The Bishop vs. The Shaft

It seems to me the international media’s consensus is that Ramos-Horta will win, given that he has the support of six of the defeated candidates. (James Dunn complained on his online journal that the international media seem to be biased towards Fretilin. I guess I’m missing just what coverage he is referring to?)

I predict it will be pretty close. [Well closer than the common wisdom has it.]

Following the little coverage available of the second round campaigning, and based on results from the first round, it becomes clear that rural turnout will be everything for Fretilin. If in strongholds they get high turnout, and in skeptical, opposition areas there is low turnout, then Lu Olo has a chance to come close.

Lu Olo needs extraordinarily high turnouts in the east (Lautem, Viqueque and Baucau), and in long-time pockets of Fretilin support like in certain areas of Covalima and Manufahi.

The TVTL Debate between Lu Olo and Ramos Horta, only seen in Dili, will have convinced few people to support Lu Olo. So I continue to believe a low turnout in Dili will also benefit Lu Olo.

Ramos Horta’s problem is convincing disillusioned people in remoter areas, especially those who may have supported Lasama and Xavier, to get to the polls. Another concern is to make sure that urban youth (let’s call them the J-Lo demographic) and growing non-Fretilin “middle class” (the Leader/Lita demographic) vote again on May 9.

Then the issue of a technically sound and secure vote is quite worrying, as it can affect turnout quite significantly.

The UN Certification Team pointed of a number of quite troubling areas, citing over 20 benchmarks not met. Among them:

Do all voters have secure access to polling stations, and are polling stations sufficiently well managed to enable voters to vote in an efficient and timely way?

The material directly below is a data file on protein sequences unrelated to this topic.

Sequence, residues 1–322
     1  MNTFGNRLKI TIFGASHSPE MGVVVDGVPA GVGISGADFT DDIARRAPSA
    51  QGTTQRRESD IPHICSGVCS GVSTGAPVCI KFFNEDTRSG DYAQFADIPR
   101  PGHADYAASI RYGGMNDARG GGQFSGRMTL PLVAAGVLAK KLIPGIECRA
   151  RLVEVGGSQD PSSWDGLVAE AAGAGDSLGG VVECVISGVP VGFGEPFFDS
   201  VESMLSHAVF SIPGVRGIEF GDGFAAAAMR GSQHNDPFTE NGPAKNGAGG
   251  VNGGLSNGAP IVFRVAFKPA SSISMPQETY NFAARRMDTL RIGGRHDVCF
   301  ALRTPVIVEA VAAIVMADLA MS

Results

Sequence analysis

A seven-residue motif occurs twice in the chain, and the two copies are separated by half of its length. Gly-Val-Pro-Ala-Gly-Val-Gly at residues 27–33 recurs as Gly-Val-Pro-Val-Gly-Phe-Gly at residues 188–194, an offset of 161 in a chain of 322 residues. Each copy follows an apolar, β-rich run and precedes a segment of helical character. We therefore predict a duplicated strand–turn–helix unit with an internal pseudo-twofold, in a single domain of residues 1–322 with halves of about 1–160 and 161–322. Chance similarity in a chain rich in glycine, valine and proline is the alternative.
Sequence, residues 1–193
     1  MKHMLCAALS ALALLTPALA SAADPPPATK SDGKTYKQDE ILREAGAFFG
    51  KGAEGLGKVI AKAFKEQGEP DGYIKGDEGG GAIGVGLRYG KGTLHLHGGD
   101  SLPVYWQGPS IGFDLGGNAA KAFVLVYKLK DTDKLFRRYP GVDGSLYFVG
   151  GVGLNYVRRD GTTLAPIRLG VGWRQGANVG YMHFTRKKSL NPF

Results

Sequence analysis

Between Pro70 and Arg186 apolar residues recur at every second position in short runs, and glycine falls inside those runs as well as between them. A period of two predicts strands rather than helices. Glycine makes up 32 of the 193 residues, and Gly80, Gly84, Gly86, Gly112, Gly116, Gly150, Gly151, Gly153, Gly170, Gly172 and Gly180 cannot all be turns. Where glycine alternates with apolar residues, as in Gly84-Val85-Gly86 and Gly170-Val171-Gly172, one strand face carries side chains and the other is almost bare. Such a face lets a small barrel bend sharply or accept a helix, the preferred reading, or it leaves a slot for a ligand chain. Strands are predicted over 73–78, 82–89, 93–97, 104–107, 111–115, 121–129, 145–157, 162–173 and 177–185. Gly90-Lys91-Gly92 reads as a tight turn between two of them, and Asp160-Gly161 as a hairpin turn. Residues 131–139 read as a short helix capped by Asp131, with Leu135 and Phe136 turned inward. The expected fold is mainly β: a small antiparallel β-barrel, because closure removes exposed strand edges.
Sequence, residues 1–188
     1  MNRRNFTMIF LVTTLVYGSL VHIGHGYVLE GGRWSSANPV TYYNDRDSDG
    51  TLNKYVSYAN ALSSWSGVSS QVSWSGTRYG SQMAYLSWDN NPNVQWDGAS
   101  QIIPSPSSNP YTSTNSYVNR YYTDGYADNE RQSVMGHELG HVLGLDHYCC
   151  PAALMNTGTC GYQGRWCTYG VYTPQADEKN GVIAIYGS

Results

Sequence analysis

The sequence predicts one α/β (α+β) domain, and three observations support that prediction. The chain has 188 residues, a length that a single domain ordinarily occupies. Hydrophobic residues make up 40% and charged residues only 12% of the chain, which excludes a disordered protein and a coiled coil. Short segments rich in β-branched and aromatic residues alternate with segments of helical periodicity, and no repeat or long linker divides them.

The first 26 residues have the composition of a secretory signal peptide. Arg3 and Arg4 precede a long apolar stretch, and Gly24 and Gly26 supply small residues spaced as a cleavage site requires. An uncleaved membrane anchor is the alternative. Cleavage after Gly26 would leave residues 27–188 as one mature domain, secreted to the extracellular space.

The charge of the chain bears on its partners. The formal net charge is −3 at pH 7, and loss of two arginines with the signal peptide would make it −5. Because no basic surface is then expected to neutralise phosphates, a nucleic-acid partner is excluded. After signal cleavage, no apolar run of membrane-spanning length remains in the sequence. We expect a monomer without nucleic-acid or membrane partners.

Are voters able to cast a secret ballot, without fear of any adverse consequences?

They write, “The benchmarks do not represent an aspirational statement of unachievable best practice: they simply encapsulate what is to be found in a typical well-run election.”

Let’s hope that the CNE pulls off a better election (so we don’t have to go through another complex Certification Team report!) and that both candidates keep the campaigning cool as it has been in the past two weeks.

If both things occur, I can attest that Timor’s election will have been more pleasant than a US Presidential election.


2 thoughts on “Prognostications

  1. A long-time malai Timor-watcher wrote:

    Your latest blog entry was interesting and partially right i think, but I seriously doubt your thoughts that the rural voters will go to go FRETILIN. FRETILIN is in for a big shock…

  2. Here is my P.S. to this post:

    Aside from Lu Olo’s poor performance in Dili, Lu Olo received the following low percentages in the “urban” subdistricts, those with the district capitals. In all cases but Ainaro and Liquiça, these subdistricts have the highest populations in the district. Only in three did he receive more than 30 % of the vote. (These are rounded up to the nearest whole number for digestability.)

    Aileu 6 %
    Ainaro 17 %
    Baucau 56 %
    Bobanaro 17 %
    Suai 20 %
    Ermera 26 %
    Liquiça 6 %
    Lospalos 40 %
    Same 29 %
    Manatuto 15 %
    Oecussi (Pante Makassar) 22 %
    Viqueque 65 %

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